While the exit door at Parkhead seems to be jamming a bit lately, the latest departure rumour has Odsonne Edouard, according to pundits’ recent reports, joining Leicester City (much to the dismay of fuming Arsenal fans) for an encore performance with Brendan Rodgers.
And with this news, of course, follows the tsunami of petulant, spoiled naysayers among the Celtic support disparaging Edouard’s phenomenal contribution to the Quadruple-Treble, whether on the wider social media front or even here in this thread in the Celtic Noise forum, with a raft of nonsense discounting his endeavours in the Hoops by focusing solely on this past season.
You know, the 2020/21 season. The season where Edouard was asked to play up front alone most of the time, despite being more successful — as nearly all strikers are — with a second striker to play off of. But let’s not quibble about that, oh spoiled petulant ones, when you can dump on a phenomenal player who can arguably be credited for most of the club’s high points over the last four seasons, right?
The “what-have-you-done-for-me-lately” crowd, in their typical myopic and moronic manner, just want him gone. “He lost interest.” “Couldn’t be bothered.”
You know what? I wanna be Edouard. I still wanna be Edouard. And when he goes to play at Leicester City or wherever he ends up, I will continue to watch him, just as I do former Celts I miss playing in the Hoops, including Kieran Tierney at Arsenal, Moussa Dembele at Athletico Madrid, Scott Sinclair at Preston North End, Mikael Lustig at AIK, and closer to home, the Celts in America: Patryk Klimala, Cameron Harper, and Andrew Gutman at New York Red Bulls, and Lewis Morgan at Inter Miami.
With the exception of Mo Johnston and perhaps Boli Bolingoli — the player who sadly lit the match that ignited last season’s dumpster fire — if you wear the Hoops and play Celtic football, you’ll always be a Celt wherever you go.
Normally, I’d have “One More Thing” to add here, but today I’m going to have to pass. It’s a beautiful day here on the Central California coast and, with nothing burning (so far) and nothing football-wise to watch, I plan to take full advantage of it.
For as long as I live, there are three things I will never understand: First, there’s how gravity works, and then there’s the ending of Stanley Kubrick’s “2001: A Space Odyssey.” The third is how some people who claim to be Celtic fans still — still — to this day dish out vitriolic rubbish about Kieran Tierney leaving Celtic to play at Arsenal.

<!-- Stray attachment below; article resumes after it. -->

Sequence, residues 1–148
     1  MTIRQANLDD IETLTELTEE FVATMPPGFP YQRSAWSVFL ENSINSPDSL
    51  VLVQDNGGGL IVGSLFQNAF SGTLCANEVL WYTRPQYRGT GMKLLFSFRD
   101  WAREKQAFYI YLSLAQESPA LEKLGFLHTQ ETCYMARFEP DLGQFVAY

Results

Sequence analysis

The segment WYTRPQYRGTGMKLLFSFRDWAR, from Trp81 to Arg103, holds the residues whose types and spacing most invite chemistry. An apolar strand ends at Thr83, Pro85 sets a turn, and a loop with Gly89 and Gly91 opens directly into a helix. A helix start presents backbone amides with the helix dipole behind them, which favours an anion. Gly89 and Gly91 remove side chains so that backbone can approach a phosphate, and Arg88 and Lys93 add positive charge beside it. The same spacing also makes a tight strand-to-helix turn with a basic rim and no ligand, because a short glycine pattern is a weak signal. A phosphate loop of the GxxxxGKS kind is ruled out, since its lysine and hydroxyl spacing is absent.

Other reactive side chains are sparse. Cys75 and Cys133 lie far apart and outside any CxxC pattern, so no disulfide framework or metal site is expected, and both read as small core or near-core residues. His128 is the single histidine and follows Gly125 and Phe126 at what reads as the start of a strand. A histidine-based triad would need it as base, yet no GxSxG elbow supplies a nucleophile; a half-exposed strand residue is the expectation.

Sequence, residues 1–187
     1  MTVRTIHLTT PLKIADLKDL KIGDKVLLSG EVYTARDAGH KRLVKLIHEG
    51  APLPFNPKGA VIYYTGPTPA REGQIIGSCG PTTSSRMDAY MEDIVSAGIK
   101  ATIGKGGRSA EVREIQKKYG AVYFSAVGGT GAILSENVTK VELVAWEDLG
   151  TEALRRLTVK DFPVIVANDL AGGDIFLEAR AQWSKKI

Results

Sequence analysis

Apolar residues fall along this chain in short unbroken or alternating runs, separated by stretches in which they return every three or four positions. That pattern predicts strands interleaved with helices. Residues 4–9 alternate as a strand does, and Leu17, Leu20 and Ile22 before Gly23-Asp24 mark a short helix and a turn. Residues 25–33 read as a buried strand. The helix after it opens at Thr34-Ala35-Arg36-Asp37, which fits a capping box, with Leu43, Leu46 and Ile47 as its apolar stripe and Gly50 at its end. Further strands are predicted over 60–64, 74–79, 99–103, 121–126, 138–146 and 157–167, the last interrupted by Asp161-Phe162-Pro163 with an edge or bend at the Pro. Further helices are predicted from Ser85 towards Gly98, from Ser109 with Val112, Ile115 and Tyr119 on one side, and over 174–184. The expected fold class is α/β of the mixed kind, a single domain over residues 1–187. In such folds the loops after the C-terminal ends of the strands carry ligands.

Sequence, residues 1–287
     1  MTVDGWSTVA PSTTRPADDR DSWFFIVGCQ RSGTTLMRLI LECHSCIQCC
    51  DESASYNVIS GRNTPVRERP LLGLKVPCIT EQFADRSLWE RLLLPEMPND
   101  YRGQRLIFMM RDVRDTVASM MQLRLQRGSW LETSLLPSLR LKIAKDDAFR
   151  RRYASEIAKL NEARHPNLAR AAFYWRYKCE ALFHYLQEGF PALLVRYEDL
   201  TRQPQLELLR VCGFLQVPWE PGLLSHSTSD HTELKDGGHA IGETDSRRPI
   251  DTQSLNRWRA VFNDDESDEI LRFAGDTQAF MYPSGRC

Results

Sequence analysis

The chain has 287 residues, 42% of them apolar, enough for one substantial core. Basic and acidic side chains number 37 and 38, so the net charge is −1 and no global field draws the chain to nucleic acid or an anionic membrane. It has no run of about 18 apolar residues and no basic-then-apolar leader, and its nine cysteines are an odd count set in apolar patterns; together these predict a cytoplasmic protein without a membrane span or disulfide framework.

It wouldn’t be an issue, but over the weekend, someone on Twitter posted a picture of Tierney’s shin guards that the player posted on Instagram — one a Celtic guard with his Celtic number and the other an Arsenal guard with his current number. This renewed the debate of is he/isn’t he a Celt even though he plays elsewhere.
Let’s end this debate once and for all: Kieran Tierney was, is now, and always will be a Celt.
To even question this is ridiculous. Tierney literally spent two-thirds of his life in the Hoops, signing when he was seven and coming up through the youth program. To see the player he has become is a testament to the Celtic system, as well as a testament to the courage and will of a young player who took all the hammerthrowing SPFL opponents had to offer and played for Celtic while nursing serious, potentially career-ending, injury.
I look in on Arsenal from time to time to see how Tierney is doing. To be honest, Arsenal has always been interesting to me as a casual observer. In addition, I will always think it’s one of life’s great anomalies that both Jeremy Corbyn and Piers Morgan both support the Gunners. There are other things, too, I think are quirky about the North London club, like the “marble” away jersey — who’s idea was that? — or the fact that there’s a news blog related to all things Arsenal called . . . wait for it . . . Arseblog (which, of course has a linked podcast called, ahem, Arsecast).
In fact, this passing interest in Arsenal recently went as far as a visit to the Arsenal store on-line to price a Tierney jersey. To be honest, it was a little above my budget. OK, it was waaaaaaaaaaaay over my budget, and with what I would have spent there, I could have gotten two Hoops jerseys, at least pre-postage overseas.
But I digress.
The fact of the matter remains that when you leave Celtic, Celtic rarely ever leaves you. It’s sort of like Hotel California: You can check out any time you like, but you can never leave. And it shows with some of the former players.
Lyon’s Moussa Dembele — incidentally, I don’t seem to remember him getting anywhere near the flak that Tierney got for leaving Celtic — is another player I like to look in on; on social media he is always looking in on the Hoops and praising the Bhoys in Green.
Scott Sinclair at Preston North End? Got him covered, and it looks like he’s settling in with the Lillywhites.
Mikael Lustig — one of my all time favorite Celts who we could really use wearing the Green and White right now — last year had me following KAA Gent until he moved home to Sweden to play for AIK. Anyone who follows me on social media knows how much I miss Constable Lustig, the mad Viking.
The list goes on. Regular readers of this blog know I have been following the MLS exploits of former Celtic winger Lewis Morgan, who was Inter Miami CF’s MVP in their inaugural season. Marian Shved, out on loan to Mechelen, still gets a look-in from time to time, and it was great to see him a few days ago get the winner late in the game. Jozo Simunovic — pointing every skyward after scoring at 67 minutes in the Billy McNeill game — still remains on my phone wallpaper while we wait to see where he ends up.
So the moral of the story is simple: Bhoys will always be bhoys.
First things first: Jonny Hayes is one of those players that makes a club overwhelmingly better by his mere presence. He’s what we call in the U.S. a “lunchpail player,” the kind of player who, without flash or fanfare, shows up to work, clocks in, and goes above and beyond the job asked of him in any given game.